Drumming Japanese

Kyo Daiko, Philadelphia’s only Japanese-style drumming crew, provides a heart-pounding experience.

By G.W. Miller III
Add Comment Add Comment | Comments: 11 | Posted Mar. 24, 2009

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Pulse points: Members of the West Philly-based taiko drumming crew, Kyo Daiko, at practice.

“We got really tired of doing that,” says O’Neill, 50. “And it got really expensive.”

Troupes can charge $1,000 or more for performances.

“We decided we needed our own community taiko group,” she says.

They formed an arrangement with Settlement Music School, which provided a faculty member, Kris Rudzinski, to be the teacher and artistic director.

At first, they didn’t even have drums, which can cost more than $2,000 per instrument. Instead, they practiced on automobile tires wrapped in clear packing tape. With time, the group became more polished. They now boast 12 drums, including several imported from Japan, and around 15 members who show up for weekly practices at Settlement’s West Philadelphia branch.

Last year, they performed at 23 events—weddings, festivals, business openings and conferences.

“Every time we play, we pick up a few new people,” says O’Neill. “Anyone who wants to put in the time can be a part of it.”

In the spring, they’ll offer classes to beginners at the Asian Arts Initiative on Vine Street. And they’ll play at Sakura Sunday, part of the Cherry Blossom Festival, at the Japanese House on April 5.

Meanwhile, Rudzinski, 35, rides the group hard. “We don’t exaggerate our moves enough!” he bellows after practicing the piece.

A Rowan University grad trained in African and steel drums, Rudzinski spreads his legs, forming a low, wide base, and then demonstrates the exaggerated moves—snapping his hands toward the drum, sweeping the bachi in the air, ending in a striking pose with his right hand behind him, the bachi pointing straight back.

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Comments 1 - 11 of 11
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1. Smetzger said... on Mar 24, 2009 at 04:44PM

“This video was infinitely better than your last effort (Fishtown Beer Runners), George. Congrats.”

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2. Erin said... on Mar 24, 2009 at 07:58PM

“Great article--the end is fun.”

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3. Linda Cragg said... on Mar 25, 2009 at 07:23AM

“This is a very well done article and I really enjoyed the video!”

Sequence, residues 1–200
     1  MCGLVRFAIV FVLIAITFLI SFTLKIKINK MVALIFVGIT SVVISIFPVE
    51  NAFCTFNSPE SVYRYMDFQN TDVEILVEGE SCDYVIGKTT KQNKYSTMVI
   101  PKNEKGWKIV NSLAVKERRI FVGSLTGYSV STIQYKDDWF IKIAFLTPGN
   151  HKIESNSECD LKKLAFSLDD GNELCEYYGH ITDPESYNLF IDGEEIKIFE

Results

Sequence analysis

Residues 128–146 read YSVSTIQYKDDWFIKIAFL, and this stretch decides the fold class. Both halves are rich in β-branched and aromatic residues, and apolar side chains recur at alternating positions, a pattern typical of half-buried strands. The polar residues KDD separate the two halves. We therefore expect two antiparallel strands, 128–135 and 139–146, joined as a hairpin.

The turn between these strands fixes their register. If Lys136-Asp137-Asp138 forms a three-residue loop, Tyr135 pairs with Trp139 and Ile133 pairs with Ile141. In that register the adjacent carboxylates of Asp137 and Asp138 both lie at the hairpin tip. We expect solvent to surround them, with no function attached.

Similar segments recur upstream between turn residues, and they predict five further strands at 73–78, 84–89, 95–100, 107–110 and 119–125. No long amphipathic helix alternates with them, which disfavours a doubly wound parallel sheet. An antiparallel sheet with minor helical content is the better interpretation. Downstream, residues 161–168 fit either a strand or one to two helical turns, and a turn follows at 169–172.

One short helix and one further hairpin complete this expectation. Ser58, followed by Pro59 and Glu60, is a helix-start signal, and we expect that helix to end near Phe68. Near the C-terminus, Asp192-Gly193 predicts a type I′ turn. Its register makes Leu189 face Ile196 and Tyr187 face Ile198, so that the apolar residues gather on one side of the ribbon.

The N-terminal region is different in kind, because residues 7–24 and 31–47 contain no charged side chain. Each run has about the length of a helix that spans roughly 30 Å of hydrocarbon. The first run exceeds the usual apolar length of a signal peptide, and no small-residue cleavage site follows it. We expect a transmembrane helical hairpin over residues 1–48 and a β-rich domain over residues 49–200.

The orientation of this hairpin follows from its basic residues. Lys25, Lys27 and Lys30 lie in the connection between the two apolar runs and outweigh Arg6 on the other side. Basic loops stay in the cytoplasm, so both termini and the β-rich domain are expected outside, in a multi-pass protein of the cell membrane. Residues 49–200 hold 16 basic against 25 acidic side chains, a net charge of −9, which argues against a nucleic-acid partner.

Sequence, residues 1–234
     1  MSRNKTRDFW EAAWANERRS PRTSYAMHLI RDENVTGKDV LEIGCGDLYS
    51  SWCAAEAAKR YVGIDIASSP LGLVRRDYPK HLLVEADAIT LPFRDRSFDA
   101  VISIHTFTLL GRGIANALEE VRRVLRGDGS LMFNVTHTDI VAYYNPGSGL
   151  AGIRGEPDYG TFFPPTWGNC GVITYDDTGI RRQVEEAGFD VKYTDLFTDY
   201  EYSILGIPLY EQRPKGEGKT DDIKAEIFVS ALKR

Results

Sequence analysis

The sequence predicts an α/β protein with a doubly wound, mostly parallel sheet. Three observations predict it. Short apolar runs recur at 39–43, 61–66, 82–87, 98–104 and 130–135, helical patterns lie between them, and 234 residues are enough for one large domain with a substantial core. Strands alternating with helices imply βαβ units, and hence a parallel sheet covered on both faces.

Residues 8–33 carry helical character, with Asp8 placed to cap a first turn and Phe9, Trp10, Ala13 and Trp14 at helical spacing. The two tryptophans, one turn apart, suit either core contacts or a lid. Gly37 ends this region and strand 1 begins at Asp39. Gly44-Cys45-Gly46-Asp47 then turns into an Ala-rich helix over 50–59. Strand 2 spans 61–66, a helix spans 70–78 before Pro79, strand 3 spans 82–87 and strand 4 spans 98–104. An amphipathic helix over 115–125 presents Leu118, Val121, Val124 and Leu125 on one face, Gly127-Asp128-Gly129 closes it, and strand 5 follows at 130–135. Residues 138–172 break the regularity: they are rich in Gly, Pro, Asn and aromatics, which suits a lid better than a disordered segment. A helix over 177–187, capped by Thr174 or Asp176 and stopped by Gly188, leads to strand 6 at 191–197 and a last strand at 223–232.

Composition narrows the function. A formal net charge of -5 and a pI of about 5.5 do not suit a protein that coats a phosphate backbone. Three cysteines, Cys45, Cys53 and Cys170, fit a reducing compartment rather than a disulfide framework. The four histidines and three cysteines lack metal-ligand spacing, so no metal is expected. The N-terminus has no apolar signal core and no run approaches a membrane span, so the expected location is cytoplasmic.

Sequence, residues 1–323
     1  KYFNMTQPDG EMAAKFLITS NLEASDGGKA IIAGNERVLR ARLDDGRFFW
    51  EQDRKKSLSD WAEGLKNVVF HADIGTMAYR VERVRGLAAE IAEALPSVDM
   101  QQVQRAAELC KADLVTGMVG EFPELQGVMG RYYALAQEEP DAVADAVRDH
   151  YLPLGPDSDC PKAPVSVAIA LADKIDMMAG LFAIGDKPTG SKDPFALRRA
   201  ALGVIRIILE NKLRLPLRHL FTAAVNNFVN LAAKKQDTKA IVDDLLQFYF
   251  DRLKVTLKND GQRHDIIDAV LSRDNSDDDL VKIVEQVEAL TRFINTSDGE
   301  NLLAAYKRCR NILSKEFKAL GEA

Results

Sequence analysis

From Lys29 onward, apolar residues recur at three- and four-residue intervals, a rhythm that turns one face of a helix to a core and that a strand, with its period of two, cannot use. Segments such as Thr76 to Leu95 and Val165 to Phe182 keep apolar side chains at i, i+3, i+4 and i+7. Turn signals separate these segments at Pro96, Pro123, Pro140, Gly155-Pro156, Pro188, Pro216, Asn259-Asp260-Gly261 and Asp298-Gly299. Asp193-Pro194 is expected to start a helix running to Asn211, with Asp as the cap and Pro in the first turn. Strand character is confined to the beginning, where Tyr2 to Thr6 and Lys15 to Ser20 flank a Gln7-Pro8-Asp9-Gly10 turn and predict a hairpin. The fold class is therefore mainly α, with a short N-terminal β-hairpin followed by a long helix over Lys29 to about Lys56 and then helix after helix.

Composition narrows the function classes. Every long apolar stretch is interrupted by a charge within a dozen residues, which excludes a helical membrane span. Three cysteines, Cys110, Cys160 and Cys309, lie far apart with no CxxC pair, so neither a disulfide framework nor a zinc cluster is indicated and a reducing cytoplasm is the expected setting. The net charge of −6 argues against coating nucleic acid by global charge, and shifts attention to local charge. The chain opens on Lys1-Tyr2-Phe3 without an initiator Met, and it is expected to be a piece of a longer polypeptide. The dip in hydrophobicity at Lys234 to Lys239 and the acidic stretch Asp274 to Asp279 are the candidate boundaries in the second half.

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4. Anonymous said... on Mar 25, 2009 at 09:37AM

“This article is inaccurate. They are neither the first nor only taiko group in Philadelphia. Swarthmore College Taiko has been performing since 2000.”

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5. G.W. said... on Mar 25, 2009 at 10:42AM

“Swarthmore College isn't actually in Philadelphia. It's in Swarthmore.”

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6. June said... on Mar 26, 2009 at 11:54AM

“I love watching the Swarthmore college group perform. A couple of them have gone on to San Jose Taiko and such. Kim Arrow is a fantastic teacher and player. It's been interesting to his students come and go. Actually, KyoDaiko formed because the Swarthmore group is never available in the summer, and that's when the Japanese House in Fairmount Park has most of its programs. Also, those of us who wanted to learn to play needed a "community" taiko group who met in Philadelphia. For those of us in Philadelphia, Swarthmore is a bit of a hike. And the "community" aspect of it is very welcoming - open to all.”

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7. Brandyn said... on Mar 26, 2009 at 01:54PM

“Very good article!”

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8. TS said... on Mar 26, 2009 at 03:28PM

“The key point here is "community" taiko. KyoDaiko is the first such group, open to membership from anyone in the community, in the Philadelphia area. That is not to ignore the contributions made by Swarthmore to taiko in Philadelphia and I look forward to enjoying another Swarthmore taiko performance at the Sakura Sunday festival in West Fairmount Park on April 5th!”

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9. Mark Duclo said... on Mar 28, 2009 at 08:26PM

“Hmm...being a former karate student and drumming student, wouldn't it be appropriate to study from a qualified teacher? African and steel drums? That isn't Japanese. And from what little I know left about martial arts, I'm sure taiko has a discipline and code, that you have to learn from a qualified teacher. Other than that, I praise you for your efforts and congratulations!!”

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10. Dad- said... on Mar 29, 2009 at 08:28PM

“Once again son you have published a "fan-tastic" piece. Keep up the GREAT work!”

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11. TS said... on Apr 2, 2009 at 05:18PM

“To Mark Duclo's point...About a year before Kris began teaching KyoDaiko members, he was sent for intensive, one-on-one training with Marco Leinhard, an internationally known taiko player and instructor who played with Ondekoza (one of the first kumi-daiko groups of Japan) for 13 years and later founded his own taiko group, Taikoza, in New York. Kris' classical drum training, as well as African and steel drum background made him an ideal candidate to master another world-drumming style and teach it to others. As a former martial arts student myself, and now as student of Kris and member of KyoDaiko, I can assure you we don't take taiko tradition or discipline lightly. And Kris most certainly is a qualified instructor.”


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